In addition, an ultrasound-detectable biopsy marker material having features of the present invention may include a binding agent with the powder. A binding agent helps to keep the powder together during deposition at a biopsy site. Suitable binding agents include gelatin, polyethylene glycol, polyvinyl alcohol, glycerin, other hydrophilic materials, and combinations of these. Suitable gelatins include bovine collagen, porcine collagen, ovine collagen, equine collagen, synthetic collagen, agar, synthetic gelatin, and combinations of these.
Biopsy site marker materials having features of the present invention may be delivered to a biopsy site in dry form, or in wet form, as in a slurry or suspension. Pressure may be applied to the powder in order to eject it from a storage location, such as a delivery tube. Pressure effective to deliver an ultrasound-detectable bio-resorbable marker material having features of the invention includes gas pressure, acoustic pressure, hydraulic pressure, and mechanical pressure. For example, dry ultrasound-detectable bio-resorbable powders may be blown into a biopsy site by the action of gas pressure from a pressurized gas directed behind or alongside the powder and towards the biopsy site. Such gas pressure may be supplied by carbon dioxide or nitrogen gas contained within a pressure vessel under high pressure, and the pressure released into a chamber containing a dry ultrasound-detectable bio-resorbable powder effective to drive the powder through an attached needle or catheter having an orifice within a biopsy site. Alternatively, a syringe filled with air or other gas may be connected to a tube or chamber containing an ultrasound-detectable bio-resorbable powder and the syringe plunger depressed so as to force the air or gas, and the powder, through a needle or catheter attached to the tube or chamber and having an orifice within a biopsy site. It will be understood that any device for providing gas or liquid flow through a delivery tube containing an ultrasound-detectable bio-resorbable powder is suitable to deliver a bio-resorbable marker mass to a desired location within a patient's body.
Mechanical pressure may be delivered by, for example, direct contact with a plunger. Where the particle size is significant relative to the diameter of a delivery tube, an ultrasound-detectable bio-resorbable powder having features of the invention may be expelled from the tube by directly pushing on it with a plunger. Thus, for example, where the particle size of such a powder is within a range of between about 60% to about 90% of the inner diameter of the delivery tube bore, a quantity of powder within the delivery tube may be expelled by direct action of a plunger on the powder without need for liquid or gas. Alternatively, acoustic pressure supplied by, for example, an ultrasound transducer, may be used to deliver an ultrasound-detectable bio-resorbable powder having features of the invention.
A preferred method for delivering an ultrasound-detectable bio-resorbable powder to a biopsy site utilizes a biocompatible liquid to drive or carry the powder into the biopsy cavity at the biopsy site. For example, a quantity of ultrasound-detectable bio-resorbable powder may be contained within a tube or chamber that leads directly or indirectly to a biopsy site. The powder may be dispensed by the application of hydraulic pressure applied by a syringe containing sterile saline or other suitable liquid. Flow of the liquid carries the powder into the biopsy site; turbulence acts to mix the dry powder with the liquid to provide a slurry or suspension and to provide a fairly uniform distribution of the powder throughout the biopsy cavity. The syringe is preferably configured to tightly engage with the tube or chamber, in order to prevent leakage and to insure sufficient pressure and flow is directed towards the biopsy site. The tube or chamber containing the ultrasound-detectable bio-resorbable powder may be an elongated hollow tube, having a bore completely filled with the powder; or an elongated hollow tube, having a bore partially filled with the powder; or a chamber having internal dimensions that change along the length, configured to hold a desired quantity of ultrasound-detectable bio-resorbable powder and to provide a desired amount of mixing with the fluid.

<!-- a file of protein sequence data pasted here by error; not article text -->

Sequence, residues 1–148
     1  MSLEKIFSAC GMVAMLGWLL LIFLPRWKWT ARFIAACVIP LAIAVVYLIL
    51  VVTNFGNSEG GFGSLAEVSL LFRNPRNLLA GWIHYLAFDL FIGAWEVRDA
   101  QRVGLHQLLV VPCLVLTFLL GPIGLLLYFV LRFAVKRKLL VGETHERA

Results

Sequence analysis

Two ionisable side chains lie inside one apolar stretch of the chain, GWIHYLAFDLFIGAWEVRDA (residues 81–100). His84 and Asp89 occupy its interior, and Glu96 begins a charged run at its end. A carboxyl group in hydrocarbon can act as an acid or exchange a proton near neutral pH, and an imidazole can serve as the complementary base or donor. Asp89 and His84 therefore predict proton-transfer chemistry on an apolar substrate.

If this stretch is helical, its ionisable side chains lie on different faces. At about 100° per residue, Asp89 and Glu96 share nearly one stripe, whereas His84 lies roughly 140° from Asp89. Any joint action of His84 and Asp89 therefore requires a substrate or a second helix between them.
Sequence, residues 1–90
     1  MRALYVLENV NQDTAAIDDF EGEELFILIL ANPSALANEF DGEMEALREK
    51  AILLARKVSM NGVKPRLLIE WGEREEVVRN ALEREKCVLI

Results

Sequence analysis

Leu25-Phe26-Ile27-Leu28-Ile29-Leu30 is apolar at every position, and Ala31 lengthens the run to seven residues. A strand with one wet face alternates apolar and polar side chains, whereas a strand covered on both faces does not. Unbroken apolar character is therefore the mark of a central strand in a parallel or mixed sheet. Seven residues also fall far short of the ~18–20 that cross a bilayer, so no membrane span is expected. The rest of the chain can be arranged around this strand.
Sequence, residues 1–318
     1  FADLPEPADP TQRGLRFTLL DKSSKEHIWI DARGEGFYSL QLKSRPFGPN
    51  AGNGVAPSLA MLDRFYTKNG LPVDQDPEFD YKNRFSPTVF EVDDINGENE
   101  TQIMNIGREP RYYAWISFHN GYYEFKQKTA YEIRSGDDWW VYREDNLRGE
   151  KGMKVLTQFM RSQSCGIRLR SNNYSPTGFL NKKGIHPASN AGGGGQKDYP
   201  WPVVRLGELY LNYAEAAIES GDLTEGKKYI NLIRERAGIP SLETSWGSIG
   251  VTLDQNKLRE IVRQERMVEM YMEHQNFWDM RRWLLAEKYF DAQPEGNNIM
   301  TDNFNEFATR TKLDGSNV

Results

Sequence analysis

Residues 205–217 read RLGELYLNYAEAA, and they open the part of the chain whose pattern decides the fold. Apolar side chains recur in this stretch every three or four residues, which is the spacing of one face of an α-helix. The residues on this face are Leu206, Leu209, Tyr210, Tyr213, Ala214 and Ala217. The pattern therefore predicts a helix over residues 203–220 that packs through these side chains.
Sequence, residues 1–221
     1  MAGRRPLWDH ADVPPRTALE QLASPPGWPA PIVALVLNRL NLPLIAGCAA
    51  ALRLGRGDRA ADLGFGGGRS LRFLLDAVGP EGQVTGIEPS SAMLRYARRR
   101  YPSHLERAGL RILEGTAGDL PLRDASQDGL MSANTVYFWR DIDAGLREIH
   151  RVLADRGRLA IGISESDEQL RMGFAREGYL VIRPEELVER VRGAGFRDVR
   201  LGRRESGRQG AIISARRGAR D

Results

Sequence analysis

In a most preferred embodiment, the quantity of ultrasound-detectable bio-resorbable powder is contained within a tube termed a “delivery tube.” The tube has an outside diameter that is sized to fit within a cannula, such as a Mammotome® or SenoCor 360™ cannula. For example, a suitable delivery tube has an outside diameter (OD) of about 0.096 inches and has an inner diameter (ID) of about 0.074 inches. Other sizes are also suitable, the exact dimensions depending on the biopsy device used. In addition, a delivery tube may have markings to aid in determining the depth of the tube within a cannula, surface features (such as pins, slots, bumps, bars, wedges, luer-lock fittings, or bands, including a substantially conical circumferential band) effective to control the depth into which a delivery tube is fitted within a cannula or effective to lock a delivery tube into position within a cannula. For example, a delivery tube may have pins or bumps configured to engage a slot or a leading edge of a cannula, or a luer-lock fitting configured to lock into a cannula.
A cannula may also be configured to receive and to engage a delivery tube. A cannula may have pins, slots, wedges, bumps, bands, luer-lock fittings, or the like, to engage a delivery tube and to hold it into a desired position within the cannula. For example, a cannula may have a luer-lock fitting, or a slot to engage a pin on a delivery tube, or an internal bump wedge or band that limits the distance of travel of the delivery tube within the cannula.